New businesses can be divided into 2 groups:
- Those that can be started with virtually no infrastructure or technology investment and;
- Those that need significant investment in infrastructure or technology from the get-go.
I’ve heard the latter referred to as “technology first startups” but it could also refer to something like a cafe or restaurant which needs a certain amount of equipment prior to being able to generate any revenue.
Regardless of which type of business it is, there is a trend towards seeking investment at the very early stages of a business and I would like to posit that the “angel/seed/series X” path (aka. the “book of graham”) is almost always a bad choice.
If you are starting the first type of business, you shouldn’t need investment at all.
The reasons you’re looking for investment probably fall into one of these common categories:
- You think that getting investment from someone with more money than you validates your idea because people with more money than you are smarter than you. This is rarely the case and the only validation that counts is those of your customers.
- Despite the fact that this is not a “technology first” business, you are more interested in/excited by the technology than you are by the business, so that’s what you want to build first. In that case, you should go get a job building technology for some other business and forget being an entrepreneur.
- You think that you have the opportunity to gain first mover advantage so you need to go big and go hard quickly in order to corner the market before you get too much competition. If you feel this way ask yourself: in 5 years time, will the market still be there? Do you imagine that at some point in the future you would gain competitors and they would sucessfully steal some market share from you? If the answer to either of these questions is “no”, then what you’re looking at is a fad and your business plan is a ponzi scheme aimed at duping investors. If the answer to both of these questions is “yes” then you needn’t be impatient: if you’re not the first mover, you can be the competitor and do equally well (in fact there is a track record of first movers being the biggest losers in a range of tech sectors).
If you’re building the latter type of business then you’re probably seeking investment for all the same reasons but since you’re probably a tech geek I’ll add one more reason into the mix:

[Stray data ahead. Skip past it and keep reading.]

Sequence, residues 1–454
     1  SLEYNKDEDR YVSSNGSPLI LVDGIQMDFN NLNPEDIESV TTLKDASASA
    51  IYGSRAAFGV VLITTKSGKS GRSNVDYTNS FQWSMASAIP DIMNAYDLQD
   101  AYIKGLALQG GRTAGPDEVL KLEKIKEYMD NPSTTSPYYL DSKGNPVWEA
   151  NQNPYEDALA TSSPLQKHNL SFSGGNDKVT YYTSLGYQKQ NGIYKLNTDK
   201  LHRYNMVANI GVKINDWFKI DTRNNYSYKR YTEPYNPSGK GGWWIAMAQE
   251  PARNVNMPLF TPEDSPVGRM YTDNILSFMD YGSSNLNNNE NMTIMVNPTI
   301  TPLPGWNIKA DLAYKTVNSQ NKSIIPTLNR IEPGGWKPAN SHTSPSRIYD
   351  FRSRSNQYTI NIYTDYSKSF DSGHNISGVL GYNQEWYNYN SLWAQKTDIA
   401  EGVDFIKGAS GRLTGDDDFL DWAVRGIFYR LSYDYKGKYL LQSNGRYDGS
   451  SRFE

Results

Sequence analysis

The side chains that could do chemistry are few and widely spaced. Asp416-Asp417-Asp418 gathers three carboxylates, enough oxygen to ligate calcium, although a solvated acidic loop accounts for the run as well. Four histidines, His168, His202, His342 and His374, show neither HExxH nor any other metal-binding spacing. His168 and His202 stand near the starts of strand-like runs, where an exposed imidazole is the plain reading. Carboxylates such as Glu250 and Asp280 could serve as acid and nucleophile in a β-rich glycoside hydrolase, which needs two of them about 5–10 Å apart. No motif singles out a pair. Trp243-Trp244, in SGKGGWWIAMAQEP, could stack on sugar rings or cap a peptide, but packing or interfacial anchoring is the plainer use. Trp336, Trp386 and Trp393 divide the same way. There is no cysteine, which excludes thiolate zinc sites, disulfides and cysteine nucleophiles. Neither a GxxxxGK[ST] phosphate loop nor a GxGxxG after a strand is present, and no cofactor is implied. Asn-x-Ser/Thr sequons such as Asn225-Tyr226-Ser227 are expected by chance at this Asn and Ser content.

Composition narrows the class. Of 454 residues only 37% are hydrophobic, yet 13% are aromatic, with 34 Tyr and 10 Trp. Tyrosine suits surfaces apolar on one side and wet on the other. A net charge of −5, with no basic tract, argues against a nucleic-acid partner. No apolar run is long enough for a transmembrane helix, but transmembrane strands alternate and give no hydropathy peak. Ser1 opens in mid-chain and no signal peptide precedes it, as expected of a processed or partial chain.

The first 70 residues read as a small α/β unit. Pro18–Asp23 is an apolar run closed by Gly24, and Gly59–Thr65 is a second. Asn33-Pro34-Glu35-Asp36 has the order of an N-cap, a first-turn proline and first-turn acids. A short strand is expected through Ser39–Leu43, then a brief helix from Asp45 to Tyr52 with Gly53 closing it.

- You’re desperate to quit your job and you’ve fooled yourself into thinking that you have a shot at long term success if you get 6 figures in the bank, hole up building product for 6 months and do a big hollywood launch.
All of these things are terrible reasons to take investment.
Regardless of which type of business you’re building, the right time to take investment can be determined very simply by looking at how you sacrifice pieces in a game of chess.
In Bruce Pandolfini’s “Every Move Must Have a Purpose” he looks at what a sacrifice in chess is.
If you are forced to lose your queen in order to avoid check mate, that is not a sacrifice. You had no choice: if you had kept your queen, you would have lost the game.
A sacrifice is willingly giving up material because you have calculated that you will achieve a net gain in future moves.
There is still some risk in that you may have miscalculated the timing of the moves, or you may have missed something and wind up having made that sacrifice in vain, but basically you are choosing to give up material because you have some reasonable expectation of winning an advantage further down the track.
In the case of business, the material you sacrifice is usually in the form of equity in your business. Unless you have a very good strategy to win back advantage with a high level of certainty as a result of that sacrifice, it is a foolish move.
When do you have that level of certainty in business?
Some examples are:
- You have found a way to buy customers profitably via AdWords. The expected payback period is 24 months. The more money you can put into AdWords, the more money you will get out.
- You are profitable but finding it hard to cope with demand due to operational inefficiencies. Investment in technology and infrastructure will allow you to service demand and will have a predictable impact on revenue growth.
In both of these cases it makes perfect sense to give up equity in your company in exchange for cash: your part ownership in the company in a couple of years will be predictably worth more than your whole ownership is now.
So what if you want to build a company that requires significant investment in technology before generating revenue, but you don’t have the money to fund it (or a spare 3 years to work on it before it becomes profitable)?
Easy: build a different company. Become financially independent, then build the company you always wanted to build.
If you can’t bear the thought of starting some boring business in order to fund your technological fantasy play, chances are you should be working for someone else!